At the tips of branches, twigs offer many clues to a tree’s identity. Take a closer Continue reading Trees in Winter – Background

Trees in Winter – Activities

FOCUS: Winter trees may look dead, but concealed in their buds are the beginnings of next year’s shoots, leaves, and flowers. Food is scarce in our winter woods, and for many animals the twigs, buds, and bark of dormant trees provide a welcome source of nutrition. Animals have no trouble recognizing which trees make the best meals, but for us identifying trees when their leaves are gone requires a close look and attention to detail, the skills of a good detective.

INTRODUCTION
Objective: To begin to explore and ask questions about trees in winter.

Pass out a twig to each child, and allow children to observe and ask questions about their twigs.

Materials: twigs showing at least two years of growth, one per child; magnifying lenses.

TWIG QUESTIONS
Objective: To make observations and ask questions about twigs.

Ahead of time, cut twigs from a variety of trees including some that have alternate branching (e.g. elm, beech, oak, poplar) and some that have opposite branching (red maple, sugar maple, and ash). Continue reading Trees in Winter – Activities

Trees in Winter – Puppet Show

A Budding Detective

Characters: Harry Hare, Hawthorn Twig, Staghorn Sumac Twig, Basswood Twig, Cherry Twig, Sugar Maple Twig.

Harry Hare  I am a hungry hare! Now, what should I have for supper? Twigs and buds? A little bark? I’ve eaten all the evergreen twigs I can reach, but it’s hard to tell these bare twigs apart without their leaves. This is going to take some good detective work!

Hawthorn  Haw, haw, haw! You don’t need to be a detective to tell a hawthorn twig. You could find me with your eyes closed!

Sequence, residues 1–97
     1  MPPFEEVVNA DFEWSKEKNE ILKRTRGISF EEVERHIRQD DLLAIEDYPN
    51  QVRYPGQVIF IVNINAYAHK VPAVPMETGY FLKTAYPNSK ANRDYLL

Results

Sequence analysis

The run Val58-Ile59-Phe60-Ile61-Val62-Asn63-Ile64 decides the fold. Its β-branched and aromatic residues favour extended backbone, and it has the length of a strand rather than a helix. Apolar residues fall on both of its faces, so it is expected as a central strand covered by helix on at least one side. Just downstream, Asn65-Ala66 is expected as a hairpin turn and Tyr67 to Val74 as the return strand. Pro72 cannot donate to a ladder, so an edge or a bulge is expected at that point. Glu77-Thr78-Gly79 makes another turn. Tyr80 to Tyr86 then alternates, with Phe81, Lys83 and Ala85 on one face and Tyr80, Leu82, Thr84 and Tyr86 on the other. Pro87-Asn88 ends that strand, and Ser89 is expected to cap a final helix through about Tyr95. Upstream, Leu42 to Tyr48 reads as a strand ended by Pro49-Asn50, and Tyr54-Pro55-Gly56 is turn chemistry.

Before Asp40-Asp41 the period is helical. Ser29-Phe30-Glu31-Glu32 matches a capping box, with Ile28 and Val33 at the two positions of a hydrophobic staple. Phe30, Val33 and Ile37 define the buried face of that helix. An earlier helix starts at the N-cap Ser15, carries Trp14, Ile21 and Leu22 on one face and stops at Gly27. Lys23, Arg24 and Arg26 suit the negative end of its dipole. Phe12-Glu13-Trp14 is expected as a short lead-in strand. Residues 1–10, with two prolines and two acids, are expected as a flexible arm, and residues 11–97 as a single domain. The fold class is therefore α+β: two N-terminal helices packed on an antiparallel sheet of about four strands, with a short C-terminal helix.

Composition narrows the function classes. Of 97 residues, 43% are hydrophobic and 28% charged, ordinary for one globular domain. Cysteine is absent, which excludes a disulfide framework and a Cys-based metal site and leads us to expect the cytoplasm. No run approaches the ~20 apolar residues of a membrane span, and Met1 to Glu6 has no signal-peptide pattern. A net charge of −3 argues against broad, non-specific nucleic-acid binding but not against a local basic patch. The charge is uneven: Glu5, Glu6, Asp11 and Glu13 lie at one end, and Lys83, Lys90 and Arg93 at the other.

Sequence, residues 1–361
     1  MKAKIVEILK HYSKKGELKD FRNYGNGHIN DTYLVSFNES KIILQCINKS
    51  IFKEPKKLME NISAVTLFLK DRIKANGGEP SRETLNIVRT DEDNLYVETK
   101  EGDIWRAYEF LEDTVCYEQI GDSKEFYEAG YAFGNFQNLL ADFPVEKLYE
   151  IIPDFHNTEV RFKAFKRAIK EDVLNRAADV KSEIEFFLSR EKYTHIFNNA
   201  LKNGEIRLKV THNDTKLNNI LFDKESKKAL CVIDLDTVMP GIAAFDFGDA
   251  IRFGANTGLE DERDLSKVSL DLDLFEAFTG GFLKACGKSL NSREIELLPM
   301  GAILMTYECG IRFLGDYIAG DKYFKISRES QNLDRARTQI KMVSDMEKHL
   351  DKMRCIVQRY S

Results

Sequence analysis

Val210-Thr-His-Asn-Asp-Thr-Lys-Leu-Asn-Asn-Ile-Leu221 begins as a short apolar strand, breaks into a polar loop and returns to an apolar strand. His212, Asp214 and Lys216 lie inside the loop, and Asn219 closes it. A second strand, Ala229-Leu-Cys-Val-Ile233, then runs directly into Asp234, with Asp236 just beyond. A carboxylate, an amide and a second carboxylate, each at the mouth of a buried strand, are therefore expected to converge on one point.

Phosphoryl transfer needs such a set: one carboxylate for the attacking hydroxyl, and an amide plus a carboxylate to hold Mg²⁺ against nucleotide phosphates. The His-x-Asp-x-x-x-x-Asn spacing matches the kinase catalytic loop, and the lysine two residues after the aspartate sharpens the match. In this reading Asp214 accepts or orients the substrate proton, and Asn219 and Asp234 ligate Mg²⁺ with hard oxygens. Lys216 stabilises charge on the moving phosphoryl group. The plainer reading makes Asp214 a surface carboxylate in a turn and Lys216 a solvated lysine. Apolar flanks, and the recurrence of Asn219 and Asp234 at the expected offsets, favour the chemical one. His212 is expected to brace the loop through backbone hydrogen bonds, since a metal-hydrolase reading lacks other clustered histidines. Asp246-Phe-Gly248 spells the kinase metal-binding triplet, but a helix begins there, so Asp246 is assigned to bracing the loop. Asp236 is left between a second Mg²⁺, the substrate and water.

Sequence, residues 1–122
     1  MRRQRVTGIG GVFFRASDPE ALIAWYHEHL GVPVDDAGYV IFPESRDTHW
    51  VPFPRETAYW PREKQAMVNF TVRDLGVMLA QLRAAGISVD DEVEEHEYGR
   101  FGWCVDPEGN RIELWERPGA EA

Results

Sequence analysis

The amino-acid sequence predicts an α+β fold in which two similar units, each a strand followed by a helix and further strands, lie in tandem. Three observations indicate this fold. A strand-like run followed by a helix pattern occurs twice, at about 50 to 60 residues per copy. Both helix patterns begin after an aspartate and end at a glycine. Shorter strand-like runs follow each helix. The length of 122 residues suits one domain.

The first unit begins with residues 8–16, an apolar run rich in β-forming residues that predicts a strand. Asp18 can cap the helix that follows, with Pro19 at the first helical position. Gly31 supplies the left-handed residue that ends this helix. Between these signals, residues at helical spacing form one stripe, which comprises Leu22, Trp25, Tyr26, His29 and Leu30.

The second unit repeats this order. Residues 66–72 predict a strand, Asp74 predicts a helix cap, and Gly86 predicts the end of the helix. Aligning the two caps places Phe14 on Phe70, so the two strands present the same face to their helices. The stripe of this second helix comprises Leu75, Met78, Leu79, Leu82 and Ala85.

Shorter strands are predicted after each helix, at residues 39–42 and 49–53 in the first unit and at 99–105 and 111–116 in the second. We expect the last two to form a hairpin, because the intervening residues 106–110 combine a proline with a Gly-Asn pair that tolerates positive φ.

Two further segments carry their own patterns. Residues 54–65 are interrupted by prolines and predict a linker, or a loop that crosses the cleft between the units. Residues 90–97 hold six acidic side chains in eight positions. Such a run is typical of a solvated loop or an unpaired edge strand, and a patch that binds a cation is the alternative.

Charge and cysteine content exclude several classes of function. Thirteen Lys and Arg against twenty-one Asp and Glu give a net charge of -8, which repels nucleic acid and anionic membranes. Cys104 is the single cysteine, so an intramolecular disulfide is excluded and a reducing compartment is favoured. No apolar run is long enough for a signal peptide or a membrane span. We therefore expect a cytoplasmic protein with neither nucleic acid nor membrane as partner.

Hare  Yikes! Those are big thorns! I guess it is easy to tell a hawthorn by its twigs. Continue reading Trees in Winter – Puppet Show

Trees in Winter – Standards

TREES IN WINTER ALIGNMENT WITH
NEXT GENERATION SCIENCE STANDARDS

The activities in this unit help children understand the basic concepts in the Disciplinary Core Ideas listed here. You can use the following list as a guide for lesson planning. These Disciplinary Core Ideas are taken from Grade Band Endpoints in A Framework for K-12 Science Education. Additionally, our activities give children opportunities to engage in many of the Science and Engineering Practices and reflect on the Crosscutting Concepts as identified in the Next Generation Science Standards. Continue reading Trees in Winter – Standards

Galls Galore – Background

A stand of goldenrod, its rugged stalks standing tall in a wintry field, is a good place to look for galls, one of nature’s small wonders. Many of the stalks sport hard, round swellings about an inch in diameter. Cradled in each, awaiting spring, is the larva of a gall-making insect. Its life cycle, like those of many other gall-makers, involves a remarkable relationship between an animal and its particular plant host.